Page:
Advertisement

Deducing Newton’s second law from relativity principles: A forgotten history

  • Olivier DarrigolEmail author
Article
  • 35 Downloads

Abstract

In French mechanical treatises of the nineteenth century, Newton’s second law of motion was frequently derived from a relativity principle. The origin of this trend is found in ingenious arguments by Huygens and Laplace, with intermediate contributions by Euler and d’Alembert. The derivations initially relied on Galilean relativity and impulsive forces. After Bélanger’s Cours de mécanique of 1847, they employed continuous forces and a stronger relativity with respect to any commonly impressed motion. The name “principle of relative motions” and the very idea of using this principle as a constructive tool were born in this context. The consequences of Poincaré’s and Einstein’s awareness of this approach are analyzed. Lastly, the legitimacy and significance of a relativity-based derivation of Newton’s second law are briefly discussed in a more philosophical vein.

Notes

Acknowledgements

I thank Jürgen Renn for useful advice and comments.

Compliance with ethical standards

Conflict of interest

The author states that there is no conflict of interest.

References

  1. Adam, Charles, and Paul Tannery. 1897. Œuvres de Descartes, vol. 1. Paris: Cerf.Google Scholar
  2. Appell, Paul. 1893. Traité de mécanique rationnelle. Paris: Gauthier-Villars.zbMATHGoogle Scholar
  3. Appell, Paul. 1902. Traité de mécanique rationnelle, 2nd ed. Paris: Gauthier-Villars.zbMATHGoogle Scholar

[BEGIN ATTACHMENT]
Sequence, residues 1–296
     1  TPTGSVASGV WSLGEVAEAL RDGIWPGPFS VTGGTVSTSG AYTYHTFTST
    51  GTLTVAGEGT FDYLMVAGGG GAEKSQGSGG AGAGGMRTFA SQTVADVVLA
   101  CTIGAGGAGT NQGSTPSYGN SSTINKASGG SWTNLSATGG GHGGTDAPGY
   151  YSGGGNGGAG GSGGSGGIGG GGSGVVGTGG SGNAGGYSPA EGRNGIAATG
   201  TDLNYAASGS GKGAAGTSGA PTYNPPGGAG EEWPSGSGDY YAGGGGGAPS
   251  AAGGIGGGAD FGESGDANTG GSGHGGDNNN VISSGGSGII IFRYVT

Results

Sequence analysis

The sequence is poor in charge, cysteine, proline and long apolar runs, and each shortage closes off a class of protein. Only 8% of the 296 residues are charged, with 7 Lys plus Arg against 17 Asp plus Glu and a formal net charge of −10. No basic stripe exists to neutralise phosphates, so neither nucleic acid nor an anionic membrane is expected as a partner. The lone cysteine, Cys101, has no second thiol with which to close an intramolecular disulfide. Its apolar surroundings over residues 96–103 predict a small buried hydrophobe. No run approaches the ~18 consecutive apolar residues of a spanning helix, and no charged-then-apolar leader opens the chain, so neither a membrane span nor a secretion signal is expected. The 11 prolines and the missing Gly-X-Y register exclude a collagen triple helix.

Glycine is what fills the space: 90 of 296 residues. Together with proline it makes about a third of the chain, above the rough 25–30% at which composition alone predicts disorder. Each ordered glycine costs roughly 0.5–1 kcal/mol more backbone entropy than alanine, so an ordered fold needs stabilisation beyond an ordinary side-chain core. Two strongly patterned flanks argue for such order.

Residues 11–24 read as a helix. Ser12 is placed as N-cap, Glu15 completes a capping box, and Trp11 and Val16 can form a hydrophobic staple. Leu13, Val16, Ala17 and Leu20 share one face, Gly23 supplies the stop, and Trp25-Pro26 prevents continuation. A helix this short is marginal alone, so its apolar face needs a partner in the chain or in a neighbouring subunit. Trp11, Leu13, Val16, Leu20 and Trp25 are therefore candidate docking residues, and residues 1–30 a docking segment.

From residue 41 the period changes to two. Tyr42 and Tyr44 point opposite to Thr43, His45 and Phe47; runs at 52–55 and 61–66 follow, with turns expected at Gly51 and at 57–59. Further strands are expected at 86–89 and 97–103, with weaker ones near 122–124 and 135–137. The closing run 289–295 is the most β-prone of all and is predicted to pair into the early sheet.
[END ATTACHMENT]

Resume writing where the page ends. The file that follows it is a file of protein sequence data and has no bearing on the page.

4. Barbour, Julian. 2001. The discovery of dynamics a study from a Machian point of view of the discovery and the structure of dynamical theories. Oxford: Oxford University Press.Google Scholar
  5. Beeckman, Isaac. 1939–1953. Journal tenu par Isaac Beeckman de 1604 à 1634, publié avec une introduction et des notes, ed. by Cornelis de Waard. 4 vols. La Haye: Nijhoff.Google Scholar
  6. Bélanger, Jean-Baptiste. 1847. Cours de mécanique. Paris: Carilian Goeury.Google Scholar
  7. Bélanger, Jean-Baptiste. 1848. Lehrbuch der mechanik und ihrer Anwendungen auf das ingenieurwesen. Ludwigsburg: Neubert.Google Scholar
  8. Bernoulli, Daniel. 1726. Examen principiorum mechanicae, et demonstrationes geometricae de compositione et resolutione virum. Commentarii Academiae scientiarum imperialis Petropolitanae 1:126–142.Google Scholar
  9. Bertoloni Meli, Domenico. 1993. The emergence of reference frames and the transformation of mechanics in the Enlightenment. Historical Studies in the Physical Sciences 23: 301–335.CrossRefGoogle Scholar
  10. Blondlot, René. 1901. Exposé des principes de la mécanique. Bibliothèque du Congrès international de philosophie, vol. 3 (Paris: Armand Colin), pp. 445–455.Google Scholar
  11. Boltzmann, Ludwig. 1897–1920. Vorlesungen über die Principe der Mechanik. 3 vols. Leipzig: Barth.Google Scholar
  12. Bonnet, Ossian. 1858. Leçons de mécanique élémentaire. Paris: Mallet-Bachelier.Google Scholar
  13. Bouasse, Henri. 1895. Introduction à l’étude des théories de la mécanique. Paris: Carré.zbMATHGoogle Scholar
  14. Brown, Harvey. 2005. Physical relativity: Space-time structure from a dynamical perspective. Oxford: Oxford University Press.CrossRefzbMATHGoogle Scholar
  15. Buchwald, Jed, and Robert Fox (eds.). 2013. The Oxford handbook in the history of physics. Oxford: Oxford University Press.zbMATHGoogle Scholar
  16. Cajori, Florian (ed.). 1962. Sir Isaac Newton’s Mathematical Principles of Natural Philosophy and his System of the World, 2 vols. Berkeley: University of California Press.Google Scholar